Guest editorial – Lawrence J. Marnett, Ph.D.

Exploring inflammation: A modern-day “Corps of Discovery”

Lawrence J. Marnett, Ph.D.
Director, Vanderbilt Institute of Chemical Biology
Published: December, 2004

Photo by Dean Dixon
Inflammation is a series of biochemical and cellular events that constitute our body’s response to infection. Inflammatory cells surround invading pathogens and generate highly reactive and toxic chemicals including Clorox (sodium hypochlorite) and chlorine gas. They also synthesize antibodies to help clear bacteria, viruses, and other noxious stimuli, and they produce a range of signaling molecules such as prostaglandins and cytokines to amplify the inflammatory response.

This vigorous attack causes some collateral damage to surrounding tissue but normally it is local and transient. However, prolonged exposure to inflammatory stimuli or incorrect regulation of the inflammatory response leads to chronic and occasionally systemic tissue damage. As outlined elsewhere in this issue, this contributes to many important human diseases.

There is a rich history of research on the cause and treatment of inflammation, which illustrates the role that trained observation, serendipity, initiative, and hard work play in science and medicine. Some very interesting personalities have devoted their lives to inflammation research and their discoveries have had enormous impact on human health.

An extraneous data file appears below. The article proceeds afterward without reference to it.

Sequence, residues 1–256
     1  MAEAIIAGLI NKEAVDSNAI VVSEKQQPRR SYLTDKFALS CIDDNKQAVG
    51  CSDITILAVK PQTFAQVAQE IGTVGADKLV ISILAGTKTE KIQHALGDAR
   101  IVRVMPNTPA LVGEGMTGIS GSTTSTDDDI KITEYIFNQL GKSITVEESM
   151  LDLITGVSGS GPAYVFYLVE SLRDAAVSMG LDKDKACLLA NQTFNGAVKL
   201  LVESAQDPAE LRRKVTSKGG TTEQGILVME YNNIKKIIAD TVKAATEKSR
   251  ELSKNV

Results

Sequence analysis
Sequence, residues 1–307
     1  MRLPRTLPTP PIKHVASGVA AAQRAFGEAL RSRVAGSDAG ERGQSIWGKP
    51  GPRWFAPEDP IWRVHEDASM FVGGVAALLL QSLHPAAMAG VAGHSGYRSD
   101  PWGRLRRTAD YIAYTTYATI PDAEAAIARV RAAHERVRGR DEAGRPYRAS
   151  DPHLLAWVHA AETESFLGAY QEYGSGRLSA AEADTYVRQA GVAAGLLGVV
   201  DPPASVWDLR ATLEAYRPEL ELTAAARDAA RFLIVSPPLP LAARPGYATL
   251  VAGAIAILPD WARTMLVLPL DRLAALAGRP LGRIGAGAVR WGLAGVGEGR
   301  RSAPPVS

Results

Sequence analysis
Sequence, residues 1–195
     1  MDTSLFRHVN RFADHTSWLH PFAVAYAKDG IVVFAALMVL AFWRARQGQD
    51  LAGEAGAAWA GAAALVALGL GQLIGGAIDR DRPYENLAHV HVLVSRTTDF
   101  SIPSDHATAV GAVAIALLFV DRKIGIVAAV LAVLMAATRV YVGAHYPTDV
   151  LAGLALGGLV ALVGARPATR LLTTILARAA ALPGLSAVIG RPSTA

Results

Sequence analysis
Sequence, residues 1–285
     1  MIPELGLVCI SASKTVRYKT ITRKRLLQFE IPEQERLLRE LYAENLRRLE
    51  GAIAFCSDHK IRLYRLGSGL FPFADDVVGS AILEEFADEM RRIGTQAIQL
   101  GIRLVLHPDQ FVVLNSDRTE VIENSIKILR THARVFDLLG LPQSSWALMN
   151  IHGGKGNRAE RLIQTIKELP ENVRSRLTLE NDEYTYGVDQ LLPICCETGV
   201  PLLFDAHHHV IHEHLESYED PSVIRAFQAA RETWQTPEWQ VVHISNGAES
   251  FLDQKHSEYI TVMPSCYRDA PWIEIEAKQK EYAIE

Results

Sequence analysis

Drugs that treat inflammation are among the most prescribed therapeutic agents, and pharmaceutical companies spend billions of dollars trying to improve them. The complexity of the inflammatory response offers many potential strategies and targets for new drug development. So this is a very exciting and rewarding area for research.

The hallmarks of inflammation—pain, swelling, redness, and heat—and methods for its treatment were documented over 3,000 years ago. The Ebers Papyrus (1534 B.C.) describes the use of an infusion of dried myrtle for rheumatic and back pain. Hippocrates of Kos (400 B.C.) recommended a tea extract from the bark of the willow tree for pain and fever.

In 1763, an English clergyman, the Rev. Edward Stone, reported in a letter to the Royal Society, Britain’s national academy of science, that powdered willow bark administered in water is effective in reducing fever in a clinical study of 50 of his parishioners. A major component of these plant extracts, called salicin, was isolated in 1828 by the German chemist, Johannes Buchner. Salicin is converted to salicylic acid, which is the actual anti-inflammatory agent.

A small German dye company founded by Friedrich Bayer developed an industrial scale synthesis of salicylic acid in the late 1800s, but it was too harsh on the mouth and stomach to be very useful as a drug. A chemist at Bayer, Felix Hoffman, added an acetyl group to form acetylsalicylic acid (i.e., aspirin) and with a pharmacologist, Heinrich Dresser, found that it had promising anti-inflammatory activity. Bayer began marketing aspirin as a drug in 1899 and it became available over the counter in 1915. The synthesis and marketing of aspirin is viewed by many as the birth of the modern pharmaceutical industry.

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